dimarts, 17 de juny de 2014

Great War Centenary Widening Gap Between Catalonia, Spain

The 100 anniversary of the First World War has already prompted a degree of controversy in a number of countries, often concerning how to commemorate the conflict. In the United Kingdom, some robust exchanges have taken place, involving also whether it was right to join the war. However, while some countries may be discussing how to remember the tragic events of 1914-1918, in Catalonia and Spain the rift goes much deeper and is contributing to a widening gap between the two. While a book on the 12,000 Catalan volunteers who joined the Allies to fight and often die in French trenches was a hit and quickly sold out, prompting a second edition, Spanish authorities remain silent on the subject. No plans have been announced by Madrid to honour their sacrifice, while the Spanish-language media keep an awkward silence on the subject. This stands in stark contrast with the growing interest felt in Catalonia, where many people still know very little about them (even today they do not feature in standard school textbooks) but are eager to learn more.

In 1914 Spain decided to stay neutral, and broadly speaking elites in Spain proper were rather pro-German. In Catalonia on the other hand, public and elite opinion tended to favor the Allies. There were exceptions on both sides of course, but this was the overall picture. This resulted from a combination of factors, chief among them being the identification in the minds of many between Catalan and Anglo-French values (Catalonia's parliament is the oldest in Europe and Catalan constitutional traditions closely resemble Great Britain's), and the view that an Allied victory may facilitate a change in the political status of Catalonia (conquered by Spain in 1714). American entry into the war, and President Wilson's 14 points, reinforced the latter, in particular because one of the points concerned self-determination.

In the ensuing 100 years, many things happened, including tragic episodes like the 1936-1939 Civil War and the long Franco-era night, followed by a transition to democracy which for more than a few Spaniards went too far (by allowing Catalonia to recover a limited degree of self-government, after prime minister in exile Josep Tarradellas came back in 1977) while for a growing number of Catalans amount to too little. Things which did not happen, however, include a real effort to arrive at a consensus concerning the historical past. This includes the Great War. With the death of General Franco, the regime made many concessions, but they did not include a reexamination of the past and its official version. One of the many consequences of this failure to reach a consensus is that Catalans often felt that the way they saw and told their children about historical events was different, and sometimes diametrically opposed, to what their counterparts in Spain proper did.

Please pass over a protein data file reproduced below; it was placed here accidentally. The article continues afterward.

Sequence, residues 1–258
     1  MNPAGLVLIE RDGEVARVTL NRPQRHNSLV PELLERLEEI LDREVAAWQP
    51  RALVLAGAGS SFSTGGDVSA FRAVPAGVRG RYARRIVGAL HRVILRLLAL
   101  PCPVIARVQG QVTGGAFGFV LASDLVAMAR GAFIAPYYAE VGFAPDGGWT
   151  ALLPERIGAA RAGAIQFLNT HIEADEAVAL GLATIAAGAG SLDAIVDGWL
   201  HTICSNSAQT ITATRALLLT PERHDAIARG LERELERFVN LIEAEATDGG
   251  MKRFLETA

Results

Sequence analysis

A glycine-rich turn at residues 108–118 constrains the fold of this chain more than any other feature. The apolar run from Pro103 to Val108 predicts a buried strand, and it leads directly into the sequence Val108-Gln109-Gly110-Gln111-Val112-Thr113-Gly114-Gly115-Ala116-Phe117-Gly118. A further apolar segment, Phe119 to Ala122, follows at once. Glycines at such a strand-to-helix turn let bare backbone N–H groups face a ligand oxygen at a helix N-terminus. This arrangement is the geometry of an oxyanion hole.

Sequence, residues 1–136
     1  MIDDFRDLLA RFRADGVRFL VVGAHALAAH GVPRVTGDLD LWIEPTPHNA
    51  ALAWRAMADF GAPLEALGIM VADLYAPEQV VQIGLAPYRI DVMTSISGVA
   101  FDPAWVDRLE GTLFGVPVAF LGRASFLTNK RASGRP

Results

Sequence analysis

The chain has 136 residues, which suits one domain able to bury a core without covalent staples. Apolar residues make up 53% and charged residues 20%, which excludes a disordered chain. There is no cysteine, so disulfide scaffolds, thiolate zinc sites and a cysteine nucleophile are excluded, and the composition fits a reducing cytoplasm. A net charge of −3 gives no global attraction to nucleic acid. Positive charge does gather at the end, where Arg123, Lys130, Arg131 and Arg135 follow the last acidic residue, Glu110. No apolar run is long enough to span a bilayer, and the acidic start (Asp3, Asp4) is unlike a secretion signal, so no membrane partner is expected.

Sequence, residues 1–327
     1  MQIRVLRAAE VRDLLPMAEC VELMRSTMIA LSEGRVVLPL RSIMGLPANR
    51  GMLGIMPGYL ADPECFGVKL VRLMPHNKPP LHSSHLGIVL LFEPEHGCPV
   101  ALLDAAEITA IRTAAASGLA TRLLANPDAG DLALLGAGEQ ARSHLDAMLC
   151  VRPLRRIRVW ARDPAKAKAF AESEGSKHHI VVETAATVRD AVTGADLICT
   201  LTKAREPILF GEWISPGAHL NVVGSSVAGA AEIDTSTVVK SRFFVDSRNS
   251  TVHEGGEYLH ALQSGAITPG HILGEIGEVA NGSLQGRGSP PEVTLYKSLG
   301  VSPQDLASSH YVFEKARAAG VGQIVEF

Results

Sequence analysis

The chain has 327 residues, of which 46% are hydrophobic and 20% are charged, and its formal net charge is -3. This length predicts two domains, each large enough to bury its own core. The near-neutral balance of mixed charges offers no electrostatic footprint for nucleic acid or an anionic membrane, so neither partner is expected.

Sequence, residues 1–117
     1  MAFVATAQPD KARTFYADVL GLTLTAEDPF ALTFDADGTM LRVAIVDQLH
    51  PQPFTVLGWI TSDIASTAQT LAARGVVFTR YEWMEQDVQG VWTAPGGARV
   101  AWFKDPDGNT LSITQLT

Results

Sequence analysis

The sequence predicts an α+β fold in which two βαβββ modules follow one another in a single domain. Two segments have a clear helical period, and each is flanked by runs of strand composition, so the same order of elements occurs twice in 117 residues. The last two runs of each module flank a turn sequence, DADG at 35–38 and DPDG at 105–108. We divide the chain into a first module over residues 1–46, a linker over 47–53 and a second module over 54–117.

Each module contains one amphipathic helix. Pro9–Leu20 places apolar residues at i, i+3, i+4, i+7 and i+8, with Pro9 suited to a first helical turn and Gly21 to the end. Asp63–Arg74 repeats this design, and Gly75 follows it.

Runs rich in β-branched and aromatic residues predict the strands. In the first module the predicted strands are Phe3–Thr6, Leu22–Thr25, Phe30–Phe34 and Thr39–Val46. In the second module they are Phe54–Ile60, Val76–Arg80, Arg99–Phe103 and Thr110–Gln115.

Differences over the Great War are thus no exception, but rather part of this trend. Furthermore, they are of course not the reason, nor the main factor, in a growing distancing between Catalan and Spanish public opinion. However, they are a stark reminder that it is very difficult for people to coexist in a single state when radically-opposed views of history clash, leading to mutual fatigue. While many Catalans may find it offensive that Spanish authorities and historians ignore WWI volunteers, many Spaniards rather find it odd that they should be the subject of books and documentaries, or even openly dispute their existence. Something similar happened when a monument to Winston Churchill was inaugurated in Barcelona in 2012, with no Spanish Government representatives present.

Thus, unless a sincere effort is made by both sides to reach a common understanding of the First World War, it is likely that as commemorations in countries like the UK and France proceed, and more and more works appear on Catalan volunteers (hopefully also in English), the gap will just widen. This is just a reminder of how wars do not conclude when guns fall silent, but rather conclude only when all participants (and not just major actors) are able to reach a common understanding of what happened and why. The Great War is not over yet.

Alex Calvo

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